If there’s one thing that watching American capitalism has taught me, it’s that the likely outcome here is for one side to buy the other — Philip Anschutz couldn’t literally buy the Clippers since he already owns the Lakers, but some kind of Anschutz-Ballmer-Kroenke sports management consortium isn’t impossible, if you could get everyone’s egos out of the way. Now there’s a thought: The only thing stopping us from entering a complete monopolistic hellscape, now that the federal government has all but declared corporate consolidation a national priority, is the inability of the super-rich to get along. Strange days, indeed.

Ballmer still talking new Clippers arena, glancing meaningfully at Staples Center lease

Los Angeles Clippers owner Steve Ballmer went and said this this week:

“Last time I checked with any of my friends who are in the real-estate business, you’d better have an option than just going back to your current landlord hat in hand and saying, ‘Please, please, please, sir, please give me the chance to play in your building again.’ So, yeah, we’re going to have real options. We’re out sort of putting together those options today.”

This is being interpreted as an intention to build a new arena just for the Clippers by the time their Staples Center lease expires in 2024, and clearly Ballmer is going to be investigating that. But it’s also clear — both from Ballmer’s statement and from simple economics — that the Clippers owner is looking to create leverage so that he can negotiate a better lease on his current home if that looks like a better option. I.e., same as it was when he first said this back in August.

Ballmer has said he won’t move the team out of L.A., so it looks like his only two options are to spend maybe $1 billion on a new arena just for himself somewhere in SoCal, or to use that threat to extract more money from his Staples lease. This is his right, and more power to him — at least assuming he doesn’t try to play cities off against each other to try to get public subsidies to pay for his new home, which has proven tough in California — but let’s name our threats accurately, shall we?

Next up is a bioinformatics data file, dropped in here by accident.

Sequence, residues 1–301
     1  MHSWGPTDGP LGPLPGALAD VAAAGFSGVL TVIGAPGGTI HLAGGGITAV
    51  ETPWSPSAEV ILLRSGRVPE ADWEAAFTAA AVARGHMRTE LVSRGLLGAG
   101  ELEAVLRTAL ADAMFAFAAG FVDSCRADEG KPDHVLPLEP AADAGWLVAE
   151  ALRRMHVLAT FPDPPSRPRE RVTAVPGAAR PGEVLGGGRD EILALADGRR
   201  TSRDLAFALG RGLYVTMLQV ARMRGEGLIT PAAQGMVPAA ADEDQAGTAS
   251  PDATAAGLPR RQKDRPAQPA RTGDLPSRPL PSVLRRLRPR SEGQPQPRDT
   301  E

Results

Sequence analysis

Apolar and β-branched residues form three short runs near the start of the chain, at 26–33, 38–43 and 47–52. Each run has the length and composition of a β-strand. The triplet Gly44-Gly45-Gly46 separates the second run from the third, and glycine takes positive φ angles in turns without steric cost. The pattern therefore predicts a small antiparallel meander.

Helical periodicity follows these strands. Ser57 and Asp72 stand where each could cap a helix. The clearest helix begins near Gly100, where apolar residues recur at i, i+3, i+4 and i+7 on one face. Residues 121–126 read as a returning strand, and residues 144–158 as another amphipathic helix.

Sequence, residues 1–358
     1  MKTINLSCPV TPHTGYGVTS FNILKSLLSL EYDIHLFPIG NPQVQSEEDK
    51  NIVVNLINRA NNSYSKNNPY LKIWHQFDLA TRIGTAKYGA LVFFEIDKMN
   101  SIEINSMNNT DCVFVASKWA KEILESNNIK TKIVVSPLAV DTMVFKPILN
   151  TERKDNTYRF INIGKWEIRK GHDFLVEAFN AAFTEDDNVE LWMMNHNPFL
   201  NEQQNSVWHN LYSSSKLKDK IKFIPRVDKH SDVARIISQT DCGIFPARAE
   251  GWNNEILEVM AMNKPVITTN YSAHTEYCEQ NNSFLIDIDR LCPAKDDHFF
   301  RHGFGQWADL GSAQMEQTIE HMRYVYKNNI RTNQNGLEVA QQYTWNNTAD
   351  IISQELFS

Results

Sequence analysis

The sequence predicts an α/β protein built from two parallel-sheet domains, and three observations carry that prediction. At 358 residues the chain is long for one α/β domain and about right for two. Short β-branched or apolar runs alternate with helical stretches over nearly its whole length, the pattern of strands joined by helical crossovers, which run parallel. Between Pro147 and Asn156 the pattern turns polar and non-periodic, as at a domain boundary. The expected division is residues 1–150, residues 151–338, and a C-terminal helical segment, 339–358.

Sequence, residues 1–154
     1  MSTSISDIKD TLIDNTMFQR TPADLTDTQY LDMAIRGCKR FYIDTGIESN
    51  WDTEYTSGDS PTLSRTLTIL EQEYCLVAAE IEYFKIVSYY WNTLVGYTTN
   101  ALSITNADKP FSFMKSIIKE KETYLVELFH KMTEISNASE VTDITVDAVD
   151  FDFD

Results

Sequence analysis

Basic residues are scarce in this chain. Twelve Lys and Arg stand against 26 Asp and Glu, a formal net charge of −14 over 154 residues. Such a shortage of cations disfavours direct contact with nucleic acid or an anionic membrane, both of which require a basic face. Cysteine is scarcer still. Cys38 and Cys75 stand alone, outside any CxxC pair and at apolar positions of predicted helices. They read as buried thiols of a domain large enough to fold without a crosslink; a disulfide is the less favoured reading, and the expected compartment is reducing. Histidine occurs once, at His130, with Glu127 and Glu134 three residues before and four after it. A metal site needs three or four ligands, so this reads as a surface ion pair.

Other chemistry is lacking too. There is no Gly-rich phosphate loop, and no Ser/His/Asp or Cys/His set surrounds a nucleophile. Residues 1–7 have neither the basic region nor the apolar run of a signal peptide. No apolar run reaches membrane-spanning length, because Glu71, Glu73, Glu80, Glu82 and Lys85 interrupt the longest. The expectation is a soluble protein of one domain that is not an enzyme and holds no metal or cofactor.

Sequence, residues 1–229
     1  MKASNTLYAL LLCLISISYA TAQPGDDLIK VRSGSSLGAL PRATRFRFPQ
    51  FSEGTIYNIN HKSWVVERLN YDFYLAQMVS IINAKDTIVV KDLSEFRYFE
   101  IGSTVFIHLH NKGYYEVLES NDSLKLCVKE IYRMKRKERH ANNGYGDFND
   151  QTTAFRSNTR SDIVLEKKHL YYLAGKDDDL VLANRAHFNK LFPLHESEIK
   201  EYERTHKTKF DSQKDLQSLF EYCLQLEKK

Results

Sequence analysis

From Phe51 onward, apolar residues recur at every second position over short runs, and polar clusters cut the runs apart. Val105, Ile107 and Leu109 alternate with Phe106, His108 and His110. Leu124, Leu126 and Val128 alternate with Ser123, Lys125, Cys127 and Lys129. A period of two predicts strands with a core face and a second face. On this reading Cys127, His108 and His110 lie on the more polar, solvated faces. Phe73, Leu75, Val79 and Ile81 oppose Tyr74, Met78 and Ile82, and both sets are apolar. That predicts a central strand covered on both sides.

Ballmer to seek new L.A. site for Clippers in 2024, maybe

Been taking some time away from this site to work on other projects, but hey, it’s summer, right? Nothing new ever happens now, certainly not anyone dropping news of an entirely new arena plan out of nowhere—

Clippers owner Steve Ballmer has begun to explore potential sites for a new Clippers arena, multiple NBA sources said.

What the whaaaa? The Clippers have long had one of the most stable arena deals in sports, playing in the 17-year-old-but-none-dare-call-it-anything-but-state-of-the-art Staples Center alongside the Lakers and Kings. According to the ESPN report, Ballmer is sick of playing third fiddle to the other two teams, and wants to explore whether he can do better by going it alone:

A new facility owned and operated by the team would afford the Clippers greater power to maximize earning opportunities, from sponsorship to licensing fees. As the owner of Staples Center, AEG retains control over naming rights, the business operations of running the facility for events and other substantial revenue streams like concessions.

Well, yes. You know what else a new facility owned and operated by the team would come with? Around a billion dollars in construction debt, that’s what. And while L.A. is conceivably one of the few places where you could make a good chunk of that back on naming rights and maybe seat license sales — i.e., the Rams playbook — that’s quite a hefty nut to pay off before you start enjoying all your maximized earning opportunities. Plus, L.A. is already bursting at the seams with existing arenas, so it’s not like Ballmer would have an easy time filling dates at top dollar on non-basketball nights.